In Judo competitions, the Camarillo brothers would take opponents to the ground, were many modern Judokas are reluctant to engage and overwhelm them with technique. When the Camarillos couldn’t get matches to the ground, they became found of using flying submissions, based on jumping a triangle. Flying submission holds became a signature for Dave and his students, and when competitive Judo committees moved to ban jumping submissions it was called "The Dave Camarillo Rule" by many.
It took Dave only two years to go from a blue belt to a brown belt in Brazilian Jiu-Jitsu, an amazing progress and in 2002 he received his black belt from Ralph Gracie. Dave wanted to share his knowledge of both Judo and Brazilian Jiu-Jitsu and how best to integrate them. Calling his school "Guerrilla Jiu-Jitsu", Camarillo began attracting students and awarding belts in both BJJ and Judo.
For over twenty years Dave had been involved in competitive grappling, but had been very aware of the rise of Mixed Martial Arts and even helped train fighters. In 2003, Dave Camarillo took the job of Head Grappling Coach at the American Kickboxing Academy (AKA) in San Jose, a kickboxing gym turning MMA.
AKA became the premier destination for NCAA wrestlers looking to add to their wrestling. For the last eight years Camarillo has worked with and trained fantastic fighters; including UFC Heavyweight Champion Cain Velasquez, Ultimate Fighter Contestant Josh Koscheck, and the #2 welterweight in the world Jon Fitch.
But even as he taught, Dave learned also. As he worked with elite wrestlers he began to add wrestling to his grappling knowledge and helped his fighters combine American Folk Wrestling with Judo and Brazilian Jiu-Jitsu. While Camarillo’s MMA fighters don’t seem to embrace his aggressive nature concerning submissions, they are feared grapplers none-the-less.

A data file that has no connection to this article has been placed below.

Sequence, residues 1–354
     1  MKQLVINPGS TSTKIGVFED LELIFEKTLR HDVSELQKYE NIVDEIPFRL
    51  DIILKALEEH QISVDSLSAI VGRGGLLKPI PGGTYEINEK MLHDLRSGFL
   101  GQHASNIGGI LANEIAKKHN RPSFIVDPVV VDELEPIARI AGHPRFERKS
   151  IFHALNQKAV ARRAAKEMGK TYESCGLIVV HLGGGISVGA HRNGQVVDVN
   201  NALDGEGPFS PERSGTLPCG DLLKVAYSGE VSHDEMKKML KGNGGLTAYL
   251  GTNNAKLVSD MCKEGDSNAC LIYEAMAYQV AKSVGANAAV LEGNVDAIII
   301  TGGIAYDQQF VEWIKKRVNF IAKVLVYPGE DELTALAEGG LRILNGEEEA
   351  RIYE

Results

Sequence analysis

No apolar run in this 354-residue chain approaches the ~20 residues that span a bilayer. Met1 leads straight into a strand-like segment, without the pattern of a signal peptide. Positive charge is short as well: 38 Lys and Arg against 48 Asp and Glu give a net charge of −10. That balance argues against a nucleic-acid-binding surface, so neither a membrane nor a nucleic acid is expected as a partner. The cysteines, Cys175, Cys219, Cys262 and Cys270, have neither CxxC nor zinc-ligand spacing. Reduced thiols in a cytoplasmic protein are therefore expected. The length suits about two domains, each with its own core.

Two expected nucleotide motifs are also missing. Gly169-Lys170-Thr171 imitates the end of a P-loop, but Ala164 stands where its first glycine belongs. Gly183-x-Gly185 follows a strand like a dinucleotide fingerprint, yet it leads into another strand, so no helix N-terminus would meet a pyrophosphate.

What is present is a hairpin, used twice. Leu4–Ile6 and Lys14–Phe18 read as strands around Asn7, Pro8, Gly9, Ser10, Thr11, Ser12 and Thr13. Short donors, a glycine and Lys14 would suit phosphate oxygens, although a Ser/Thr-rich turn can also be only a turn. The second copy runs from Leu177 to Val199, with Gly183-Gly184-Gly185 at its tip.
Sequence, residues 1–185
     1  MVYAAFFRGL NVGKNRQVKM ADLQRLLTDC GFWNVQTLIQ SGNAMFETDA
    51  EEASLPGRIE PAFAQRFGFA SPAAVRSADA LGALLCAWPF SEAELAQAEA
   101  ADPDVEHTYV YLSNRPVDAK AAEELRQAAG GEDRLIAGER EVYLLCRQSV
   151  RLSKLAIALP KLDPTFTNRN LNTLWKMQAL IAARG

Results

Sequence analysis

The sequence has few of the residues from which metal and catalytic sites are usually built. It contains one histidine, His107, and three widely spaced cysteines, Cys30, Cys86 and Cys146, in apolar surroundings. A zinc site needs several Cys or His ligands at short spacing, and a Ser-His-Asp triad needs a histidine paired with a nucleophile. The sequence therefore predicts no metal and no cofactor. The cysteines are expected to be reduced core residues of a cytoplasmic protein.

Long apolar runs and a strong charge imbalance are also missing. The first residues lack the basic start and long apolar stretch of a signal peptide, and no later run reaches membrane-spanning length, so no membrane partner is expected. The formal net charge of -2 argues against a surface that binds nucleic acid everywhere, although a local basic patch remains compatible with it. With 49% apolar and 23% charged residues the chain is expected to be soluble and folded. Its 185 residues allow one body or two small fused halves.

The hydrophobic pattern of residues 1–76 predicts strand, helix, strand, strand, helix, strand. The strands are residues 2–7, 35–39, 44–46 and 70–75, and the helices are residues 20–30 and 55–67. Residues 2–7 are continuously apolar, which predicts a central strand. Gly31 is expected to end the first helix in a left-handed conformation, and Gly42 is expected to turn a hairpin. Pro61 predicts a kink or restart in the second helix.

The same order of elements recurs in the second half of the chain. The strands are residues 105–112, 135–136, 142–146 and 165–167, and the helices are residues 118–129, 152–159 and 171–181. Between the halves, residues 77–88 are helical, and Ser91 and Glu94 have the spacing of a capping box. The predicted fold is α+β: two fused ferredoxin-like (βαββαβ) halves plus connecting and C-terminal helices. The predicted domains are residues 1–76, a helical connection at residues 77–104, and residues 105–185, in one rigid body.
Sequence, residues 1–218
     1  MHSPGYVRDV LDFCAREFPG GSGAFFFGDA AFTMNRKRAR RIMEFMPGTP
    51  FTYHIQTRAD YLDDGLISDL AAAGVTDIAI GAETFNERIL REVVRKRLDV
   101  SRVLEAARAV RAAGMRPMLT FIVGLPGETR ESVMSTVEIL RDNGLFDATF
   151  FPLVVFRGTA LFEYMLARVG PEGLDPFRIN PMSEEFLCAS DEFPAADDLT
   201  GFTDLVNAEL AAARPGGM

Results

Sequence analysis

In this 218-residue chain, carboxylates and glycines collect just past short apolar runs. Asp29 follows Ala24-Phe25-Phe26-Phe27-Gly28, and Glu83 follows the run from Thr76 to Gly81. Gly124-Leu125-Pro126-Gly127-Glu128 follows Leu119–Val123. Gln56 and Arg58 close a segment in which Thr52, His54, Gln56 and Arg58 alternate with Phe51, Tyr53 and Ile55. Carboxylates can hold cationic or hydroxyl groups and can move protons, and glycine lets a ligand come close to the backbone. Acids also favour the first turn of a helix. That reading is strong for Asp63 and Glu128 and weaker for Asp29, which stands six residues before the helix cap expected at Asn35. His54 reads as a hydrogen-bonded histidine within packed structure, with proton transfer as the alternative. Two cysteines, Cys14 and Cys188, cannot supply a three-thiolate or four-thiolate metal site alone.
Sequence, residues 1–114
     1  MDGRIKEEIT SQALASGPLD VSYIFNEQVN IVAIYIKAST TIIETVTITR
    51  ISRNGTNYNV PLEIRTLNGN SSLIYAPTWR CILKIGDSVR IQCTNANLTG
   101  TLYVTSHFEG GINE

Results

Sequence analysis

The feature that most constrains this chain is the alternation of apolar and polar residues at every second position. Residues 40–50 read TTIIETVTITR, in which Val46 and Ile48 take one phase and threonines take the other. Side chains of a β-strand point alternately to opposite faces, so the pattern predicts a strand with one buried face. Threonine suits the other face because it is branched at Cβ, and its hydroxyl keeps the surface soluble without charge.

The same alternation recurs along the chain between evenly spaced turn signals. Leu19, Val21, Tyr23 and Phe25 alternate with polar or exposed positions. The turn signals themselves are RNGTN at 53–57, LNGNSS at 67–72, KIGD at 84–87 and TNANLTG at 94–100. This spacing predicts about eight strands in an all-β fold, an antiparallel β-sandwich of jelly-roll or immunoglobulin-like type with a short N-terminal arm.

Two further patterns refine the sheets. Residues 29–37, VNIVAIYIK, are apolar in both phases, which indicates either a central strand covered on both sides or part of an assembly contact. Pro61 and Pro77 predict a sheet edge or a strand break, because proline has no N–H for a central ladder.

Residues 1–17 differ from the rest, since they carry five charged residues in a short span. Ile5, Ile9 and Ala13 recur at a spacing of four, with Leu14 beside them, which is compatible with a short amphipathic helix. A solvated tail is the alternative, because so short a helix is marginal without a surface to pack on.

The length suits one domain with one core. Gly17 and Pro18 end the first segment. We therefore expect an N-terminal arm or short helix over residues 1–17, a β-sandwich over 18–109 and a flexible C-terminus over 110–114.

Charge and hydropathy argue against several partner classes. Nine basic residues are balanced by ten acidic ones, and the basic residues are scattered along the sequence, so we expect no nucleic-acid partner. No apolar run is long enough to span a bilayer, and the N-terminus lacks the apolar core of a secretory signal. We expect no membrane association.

In the realm of competitive Judo, Camarillo was ahead of his time. Many Judoka’s remain close-minded towards expanding their ne-waza games, scorning Brazilian Jiu-Jitsu fighters as weaklings but the Camarillo brothers proved how effective BJJ technique could be even in high level Judo. And in sport Jiu-Jitsu, while many black belts had dabbled in Judo and earned black belts, Dave brought a Judo attitude to his training, much like Rolls Gracie. His unadulterated aggression and physicality surprised many opponents who where use to the relaxed, tactical flow grappling of many high level black belts.
In modern sport Jiu-Jitsu the technique on the ground at the highest level is nearly equal now, and often deciding world championship matches is standing grappling and physical condition. In this way, the Camarillo brothers were well ahead of the curve as they came from a grappling art that had embrace a sporting aspect long ago.
Together these brothers form one of the firmest bridges between two arts that once were reflections of each other but have grown into near mirror opposites. While competitive Judo is steeped in tradition and change comes slowly, if at all, Brazilian Jiu-Jitsu is still a dynamic, growing art. While it will always remain an art focused on the ground aspect, the stand up game becomes more and more important in Jiu-Jitsu competition and it is very possible, even likely, that one day all Brazilian Jiu-Jitsu will resemble Guerrilla Jiu-Jitsu.
"About Guerrilla Jiu-Jitsu." Guerrilla Jiu-Jitsu.com
"David Camarillo Biography." AKA San Jose MMA, Jiu-Jitsu, Kickboxing - American Kickboxing Academy®.
"Dave Camarillo | BJJ Heroes." BJJ Heroes: Brazilian Jiu Jitsu
Camarillo, Dave, and Erich Krauss. Guerrilla Jiu-Jitsu: Revolutionizing Brazilian Jiu-Jitsu. Calif.: Victory Belt Pub., 2006. Print.
Other Articles in History of Jiu-Jitsu Series:
1. Birth on the Battlefield
2. The Meiji Era and the Evolution of Judo
3. Judo Travels the World and Maeda Meets Gracie
4. Baptism By Fire and Luta Livre
5. The Tragedy of Rolls Gracie
6. Coming to America and the Birth of the Ultimate Fighting Championship
7. The Gracies Leave the UFC and Bring Jiu Jitsu Back to Japan
8. Carlson Gracie, The Grandfather of Jiu Jitsu in MMA
9. The Rise of Sport Jiu Jitsu
10. Twist and Shout
The FanPosts are solely the subjective opinions of Bloody Elbow readers and do not necessarily reflect the views of Bloody Elbow editors or staff.